You are here

Congress Loosens PPP Loan Restrictions

Congress Loosens PPP Loan Restrictions

Congress recently passed legislation to loosen some of the restrictions that came with the popular Payroll Protection Program; the president signed it into law on June 5.

The new law runs only about 1,000 words, but contains several major changes that vastly extend the terms of the program:

•             The new law lets PPP loans run for 24 weeks — previously the term had been 8 weeks. Notes The Wall Street Journal, this gives "small businesses more time to use the money and still have the loans forgiven while helping them better navigate the uncertainties around reopening."

•             The law extends the deadline to rehire workers to Dec. 31 for those companies that want to qualify for loan forgiveness. Previously, this deadline was June 30.

•             The law lowers the bar for PPP funds that must be used for payroll to 60% for those businesses that want forgiveness. Previously, it was 75%. But this is a "cliff," according to guidance from the American Institute of CPAs: "Borrowers must spend at least 60% on payroll or none of the loan will be forgiven." The previous "sliding scale" calculation method may return in future legislative tweaks, however.

•             Previously, in order to be eligible for forgiveness, borrowers had to show they kept employees or rehired them within a set period of time. While this is still true, there's some leeway in the new law: "The new bill allows borrowers to adjust because they could not find qualified employees or were unable to restore business operations to Feb. 15, 2020, levels due to COVID-19 related operating restrictions," according to the AICPA.

•             Borrowers can now take up to five years to repay the loan, instead of the previously established two years. The interest rate remains 1%.

•             The new law permits PPP loan recipients to also delay payment of their payroll taxes. This was previously prohibited.

More guidance and clarifications are likely to come. Until then, loan recipients may want to check AICPA guidance or the bill itself.

Meanwhile, loan recipients planning to submit forms for loan forgiveness should tread carefully: It may take some time for the Small Business Administration to update its form to align with the new, more flexible terms.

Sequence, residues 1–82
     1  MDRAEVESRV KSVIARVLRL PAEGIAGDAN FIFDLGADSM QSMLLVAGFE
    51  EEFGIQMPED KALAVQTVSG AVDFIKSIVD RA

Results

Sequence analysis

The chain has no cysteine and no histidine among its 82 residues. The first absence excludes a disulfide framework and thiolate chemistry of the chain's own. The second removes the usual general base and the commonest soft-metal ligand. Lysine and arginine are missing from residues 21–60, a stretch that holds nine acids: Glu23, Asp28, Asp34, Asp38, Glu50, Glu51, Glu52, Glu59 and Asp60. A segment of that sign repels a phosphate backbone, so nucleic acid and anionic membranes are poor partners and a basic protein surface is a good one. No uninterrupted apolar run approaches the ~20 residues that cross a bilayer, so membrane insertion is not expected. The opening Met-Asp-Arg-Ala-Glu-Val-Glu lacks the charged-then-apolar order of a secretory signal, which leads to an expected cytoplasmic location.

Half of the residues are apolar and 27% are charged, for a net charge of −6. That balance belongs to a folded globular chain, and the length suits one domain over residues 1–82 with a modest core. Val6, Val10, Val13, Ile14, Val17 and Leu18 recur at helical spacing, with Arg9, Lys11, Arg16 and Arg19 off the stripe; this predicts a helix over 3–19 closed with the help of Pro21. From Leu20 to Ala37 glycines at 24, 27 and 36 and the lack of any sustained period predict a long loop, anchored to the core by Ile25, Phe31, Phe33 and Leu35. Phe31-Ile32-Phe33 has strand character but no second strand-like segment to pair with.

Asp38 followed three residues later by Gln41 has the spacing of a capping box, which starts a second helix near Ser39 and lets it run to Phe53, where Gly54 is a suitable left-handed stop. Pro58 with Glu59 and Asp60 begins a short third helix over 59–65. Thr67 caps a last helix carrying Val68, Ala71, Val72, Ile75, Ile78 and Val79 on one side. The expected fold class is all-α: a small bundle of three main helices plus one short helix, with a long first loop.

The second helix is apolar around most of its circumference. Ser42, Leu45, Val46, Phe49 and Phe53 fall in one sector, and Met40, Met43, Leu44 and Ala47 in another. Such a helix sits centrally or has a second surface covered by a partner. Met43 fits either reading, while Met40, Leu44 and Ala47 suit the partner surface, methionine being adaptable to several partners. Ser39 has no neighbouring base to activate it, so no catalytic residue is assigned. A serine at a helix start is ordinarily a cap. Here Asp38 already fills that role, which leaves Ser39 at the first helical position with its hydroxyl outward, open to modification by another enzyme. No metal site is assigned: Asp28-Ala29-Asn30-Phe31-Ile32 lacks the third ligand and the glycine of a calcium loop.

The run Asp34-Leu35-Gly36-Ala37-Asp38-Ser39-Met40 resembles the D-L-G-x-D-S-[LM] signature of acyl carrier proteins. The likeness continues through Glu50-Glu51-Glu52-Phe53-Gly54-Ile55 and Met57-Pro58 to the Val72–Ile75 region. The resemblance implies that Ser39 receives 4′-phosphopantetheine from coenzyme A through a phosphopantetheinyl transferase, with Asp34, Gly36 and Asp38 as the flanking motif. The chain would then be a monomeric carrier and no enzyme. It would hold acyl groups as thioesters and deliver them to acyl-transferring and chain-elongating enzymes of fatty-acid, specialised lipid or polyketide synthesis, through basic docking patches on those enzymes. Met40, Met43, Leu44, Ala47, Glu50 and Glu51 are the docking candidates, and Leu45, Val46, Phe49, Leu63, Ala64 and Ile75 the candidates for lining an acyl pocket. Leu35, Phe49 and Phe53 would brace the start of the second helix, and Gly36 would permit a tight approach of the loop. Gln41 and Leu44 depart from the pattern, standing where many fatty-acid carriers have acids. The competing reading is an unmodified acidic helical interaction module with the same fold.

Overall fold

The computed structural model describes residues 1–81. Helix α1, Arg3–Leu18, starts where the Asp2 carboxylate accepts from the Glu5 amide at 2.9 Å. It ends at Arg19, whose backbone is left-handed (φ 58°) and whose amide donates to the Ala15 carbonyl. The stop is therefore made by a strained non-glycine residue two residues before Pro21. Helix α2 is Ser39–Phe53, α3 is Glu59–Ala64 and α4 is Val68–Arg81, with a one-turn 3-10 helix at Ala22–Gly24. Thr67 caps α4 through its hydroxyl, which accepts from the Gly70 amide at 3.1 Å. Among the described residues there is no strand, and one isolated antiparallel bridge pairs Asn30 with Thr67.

Content Created by IndustryNewsletters 2020

Our firm provides the information in this e-newsletter for general guidance only, and does not constitute the provision of legal advice, tax advice, accounting services, investment advice, or professional consulting of any kind. The information provided herein should not be used as a substitute for consultation with professional tax, accounting, legal, or other competent advisers. Before making any decision or taking any action, you should consult a professional adviser who has been provided with all pertinent facts relevant to your particular situation. The information is provided "as is," with no assurance or guarantee of completeness, accuracy, or timeliness of the information, and without warranty of any kind, express or implied, including but not limited to warranties of performance, merchantability, and fitness for a particular purpose.

Copyright © 2018 IndustryNewsletters. All rights reserved.

Other Blog Articles

Cybersecurity and the Importance of Data Privacy

Cybersecurity — especially data privacy — is one of the biggest problems facing businesses today. These security problems are compounded because every segment of every industry is affected differently, and each is subject to the risk factors peculiar to that segment.

What Is I-9 Employment Eligibility Verification?

It's a typical scenario at businesses around the country: You need to hire staff quickly, and potential employees arrive with great recommendations. They have all the skills and qualifications for their positions.

Special Report: A Quick Introduction to the World of OSHA

Even if employers aren't fully aware of it, the Occupational Safety and Health Administration (OSHA) is something they should learn about – because its rules almost certainly apply to them. The Occupational Safety and Health Act covers many private sector employers as well as their workers.

Know the EEOC: Employment Opportunity for All

Discrimination in the workplace can be a very sensitive topic to bring up. We've all heard of various laws the government creates to keep places of business fair, and most of our jobs tell us about or make us watch videos about workplace equality when we first start.

DOL Rule Called 'End-Run' Around Affordable Care Act

A federal judge has ruled that two parts of the Department of Labor (DOL) rule expanding employers' ability to join in association health plans (AHPs) violate ERISA. AHPs are group health plans sponsored by a group of employers.

Pages

How can we help?

Let Autopaychecks provide you with a single solution to managing payroll, human resources, time tracking and employee benefits.

Phone: 970-245-4244
Email: info@autopaychecks.com

Autopaychecks, Inc.

Providing payroll, human resources, time tracking and benefits solutions for small-to-mid-sized companies.

iSolved Solutions from Autopaychecks
iSolved Network Certified Partner